“Time doesn’t stand still here – it just lingers.”
This was an inscription on “Joyce’s craft shop”, above, in Connemara; and it stands true for all Irish countryside.
Time is, ultimately, how we perceive it, and that’s one thing I experimented through my 12 days – 2000 km – country-tour-coastal route of Ireland. We started off in Dublin and headed north, towards the Celtic hills of Tara, and ended the night in Belfast. From there, the daily usual was between 150 and 200 km drive, with countless scenery stops and unplanned detours.
After three days, I was at the end of my nerves. The daily drive was too much, and we were squishing too many sights. We were literally trying to do it all and see it all – not because it was in the tourist guide (by the way, Ireland’s tourist sights are not much – try getting tips from the locals, better), but because every half hour we would see a sign directing us to a scenic route or some Celtic stones.
Learning no. 1.
If you’re a micromanager/perfectionist/do-it-all/see-it-all kind of person at work, expect the habits to migrate into your vacation as well.
I recognized our habit of “Let’s also take this project on top; we’ll manage somehow” into our vacation time.
“Let’s also see this sight; it’s only 60 km away and we have time to return by nightfall”.
No wonder we feel exhausted – at work and in our free time – if we try to squish in so many sights, activities, tasks, projects.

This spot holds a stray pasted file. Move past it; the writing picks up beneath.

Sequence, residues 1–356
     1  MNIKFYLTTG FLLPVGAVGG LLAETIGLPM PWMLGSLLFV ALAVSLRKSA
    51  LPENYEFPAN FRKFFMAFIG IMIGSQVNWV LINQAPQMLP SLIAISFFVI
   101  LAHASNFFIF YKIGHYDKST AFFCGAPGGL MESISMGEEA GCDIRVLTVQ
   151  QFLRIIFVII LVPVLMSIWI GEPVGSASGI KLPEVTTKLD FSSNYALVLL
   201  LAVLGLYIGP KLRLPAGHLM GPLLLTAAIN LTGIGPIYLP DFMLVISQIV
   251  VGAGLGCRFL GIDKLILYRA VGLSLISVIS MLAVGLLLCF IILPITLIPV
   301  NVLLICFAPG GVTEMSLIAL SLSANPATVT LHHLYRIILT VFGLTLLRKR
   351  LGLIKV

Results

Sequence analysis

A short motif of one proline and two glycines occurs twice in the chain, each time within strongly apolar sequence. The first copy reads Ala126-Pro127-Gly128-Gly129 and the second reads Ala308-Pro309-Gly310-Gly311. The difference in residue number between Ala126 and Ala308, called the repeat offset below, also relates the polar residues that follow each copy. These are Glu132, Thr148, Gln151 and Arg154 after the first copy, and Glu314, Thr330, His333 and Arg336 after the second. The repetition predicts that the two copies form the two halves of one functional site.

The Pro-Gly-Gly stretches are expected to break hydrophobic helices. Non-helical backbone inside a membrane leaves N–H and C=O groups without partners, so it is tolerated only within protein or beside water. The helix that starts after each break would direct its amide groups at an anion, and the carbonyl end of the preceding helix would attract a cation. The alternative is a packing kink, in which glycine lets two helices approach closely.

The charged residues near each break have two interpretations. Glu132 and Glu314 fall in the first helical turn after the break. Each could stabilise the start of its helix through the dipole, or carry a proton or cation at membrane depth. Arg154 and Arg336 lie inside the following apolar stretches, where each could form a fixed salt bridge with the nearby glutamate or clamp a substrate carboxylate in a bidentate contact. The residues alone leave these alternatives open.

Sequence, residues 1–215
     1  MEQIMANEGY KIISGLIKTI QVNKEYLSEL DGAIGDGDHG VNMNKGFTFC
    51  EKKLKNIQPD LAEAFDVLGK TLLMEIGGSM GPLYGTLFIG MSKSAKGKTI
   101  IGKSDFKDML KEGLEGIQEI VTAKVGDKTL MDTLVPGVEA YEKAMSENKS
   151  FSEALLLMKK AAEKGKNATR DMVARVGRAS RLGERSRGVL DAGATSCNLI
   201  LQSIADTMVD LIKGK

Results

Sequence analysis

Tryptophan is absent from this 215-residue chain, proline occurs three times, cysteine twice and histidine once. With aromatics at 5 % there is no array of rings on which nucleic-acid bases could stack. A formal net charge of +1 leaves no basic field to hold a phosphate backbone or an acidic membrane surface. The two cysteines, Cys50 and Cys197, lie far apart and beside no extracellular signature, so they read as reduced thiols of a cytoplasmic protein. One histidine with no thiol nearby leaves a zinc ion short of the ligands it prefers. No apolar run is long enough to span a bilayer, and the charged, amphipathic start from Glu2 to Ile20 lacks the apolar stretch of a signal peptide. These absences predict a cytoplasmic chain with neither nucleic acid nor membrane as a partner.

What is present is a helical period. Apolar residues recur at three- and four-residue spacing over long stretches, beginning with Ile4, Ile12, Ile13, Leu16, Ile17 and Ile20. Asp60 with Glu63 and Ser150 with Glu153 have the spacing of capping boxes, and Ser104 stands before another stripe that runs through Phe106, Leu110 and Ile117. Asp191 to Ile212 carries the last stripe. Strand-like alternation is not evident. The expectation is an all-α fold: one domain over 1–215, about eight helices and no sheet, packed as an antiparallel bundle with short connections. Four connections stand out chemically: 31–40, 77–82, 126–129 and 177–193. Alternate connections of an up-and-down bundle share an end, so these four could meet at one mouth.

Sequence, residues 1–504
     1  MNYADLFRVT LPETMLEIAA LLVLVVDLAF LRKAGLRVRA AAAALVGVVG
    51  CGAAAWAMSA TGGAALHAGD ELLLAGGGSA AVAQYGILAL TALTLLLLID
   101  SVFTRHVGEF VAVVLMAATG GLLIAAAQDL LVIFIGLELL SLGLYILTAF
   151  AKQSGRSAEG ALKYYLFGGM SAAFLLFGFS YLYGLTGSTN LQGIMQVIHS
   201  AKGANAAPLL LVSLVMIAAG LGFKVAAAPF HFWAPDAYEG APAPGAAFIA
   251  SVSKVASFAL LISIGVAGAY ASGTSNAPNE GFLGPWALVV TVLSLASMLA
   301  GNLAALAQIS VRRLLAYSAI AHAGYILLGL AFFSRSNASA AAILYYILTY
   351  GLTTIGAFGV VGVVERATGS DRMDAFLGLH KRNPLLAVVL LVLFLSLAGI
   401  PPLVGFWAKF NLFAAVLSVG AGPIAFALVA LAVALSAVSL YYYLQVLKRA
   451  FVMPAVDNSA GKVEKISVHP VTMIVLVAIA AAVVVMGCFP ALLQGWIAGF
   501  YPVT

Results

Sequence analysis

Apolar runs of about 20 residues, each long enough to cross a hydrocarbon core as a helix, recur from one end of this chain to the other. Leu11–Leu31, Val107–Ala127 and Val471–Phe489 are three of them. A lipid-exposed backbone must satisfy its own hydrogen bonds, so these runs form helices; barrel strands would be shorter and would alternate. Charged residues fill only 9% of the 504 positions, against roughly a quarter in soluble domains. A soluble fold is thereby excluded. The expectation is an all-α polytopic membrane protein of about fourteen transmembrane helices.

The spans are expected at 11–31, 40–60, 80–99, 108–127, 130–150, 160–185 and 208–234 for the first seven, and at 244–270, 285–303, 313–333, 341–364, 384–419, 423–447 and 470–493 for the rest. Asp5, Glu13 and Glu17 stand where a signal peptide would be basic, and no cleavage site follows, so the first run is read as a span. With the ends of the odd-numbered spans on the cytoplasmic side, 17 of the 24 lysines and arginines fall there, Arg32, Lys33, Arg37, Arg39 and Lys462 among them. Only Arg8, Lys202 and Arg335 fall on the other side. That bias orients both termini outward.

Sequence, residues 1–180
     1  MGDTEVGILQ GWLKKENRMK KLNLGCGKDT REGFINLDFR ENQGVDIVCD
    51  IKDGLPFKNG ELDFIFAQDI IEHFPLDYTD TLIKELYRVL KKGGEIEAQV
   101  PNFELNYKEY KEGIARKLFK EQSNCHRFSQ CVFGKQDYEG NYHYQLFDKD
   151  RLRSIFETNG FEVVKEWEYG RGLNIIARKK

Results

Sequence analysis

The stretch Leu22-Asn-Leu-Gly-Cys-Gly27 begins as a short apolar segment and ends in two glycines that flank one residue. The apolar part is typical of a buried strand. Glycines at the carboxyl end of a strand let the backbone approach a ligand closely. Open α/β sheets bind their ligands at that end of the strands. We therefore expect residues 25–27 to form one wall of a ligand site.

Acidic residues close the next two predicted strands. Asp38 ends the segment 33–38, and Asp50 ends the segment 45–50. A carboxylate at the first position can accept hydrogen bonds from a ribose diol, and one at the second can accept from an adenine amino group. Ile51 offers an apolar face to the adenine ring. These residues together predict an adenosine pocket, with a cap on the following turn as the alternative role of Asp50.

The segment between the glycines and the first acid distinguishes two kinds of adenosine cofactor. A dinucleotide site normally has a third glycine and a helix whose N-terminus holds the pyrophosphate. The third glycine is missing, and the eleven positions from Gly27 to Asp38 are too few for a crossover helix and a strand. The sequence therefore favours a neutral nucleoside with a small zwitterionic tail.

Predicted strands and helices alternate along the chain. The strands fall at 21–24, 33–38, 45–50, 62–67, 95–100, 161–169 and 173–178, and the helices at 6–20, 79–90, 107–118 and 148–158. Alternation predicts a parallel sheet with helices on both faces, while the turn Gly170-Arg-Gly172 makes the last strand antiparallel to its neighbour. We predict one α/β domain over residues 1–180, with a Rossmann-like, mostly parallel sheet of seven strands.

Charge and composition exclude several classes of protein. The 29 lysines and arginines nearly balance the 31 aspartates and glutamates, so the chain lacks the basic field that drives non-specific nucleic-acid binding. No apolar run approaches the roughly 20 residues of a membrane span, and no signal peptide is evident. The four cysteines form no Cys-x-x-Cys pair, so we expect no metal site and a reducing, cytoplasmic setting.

The “add on top” concepts permeates thoughout our lives.
“Buy two get one free”. Do you need all three? Maybe no, but hell, it’s such a small difference.
“Manage your time so that you can do more, with less”. How about your energy? That doesn’t get regenerated unless you actually rest.
So what changed?
I stopped trying to see it all, do it all. I realized we had passed without visiting Cliffs of Moher and tried not to care. I made conscious choices not to go to one or two places that seemed “easy to get” in order for us to rest. And once my mindset changed, I began really taking in the view and the whole perspective – without the dots marked on the map.
I read somewhere that busy people, most corporate workers who have heavy schedules, are not happy with a 7-days-of-lying-in-the-sun type of vacation. They need a rush, they need to be on the move. That stands true for me, too. But unless you let yourself go from the internal pressure, you’re not going to get your rest.
Effectiveness stands true for road trips as well:
3-4 must see objectives per trip.
Extra time built in for 1-2 unplanned detours.
1-2 big things/places to see every day. Not more.
Allowing spontaneity, but knowing when to say no to extra tasks.
Do you, also, try to do it all?
What could you let go of?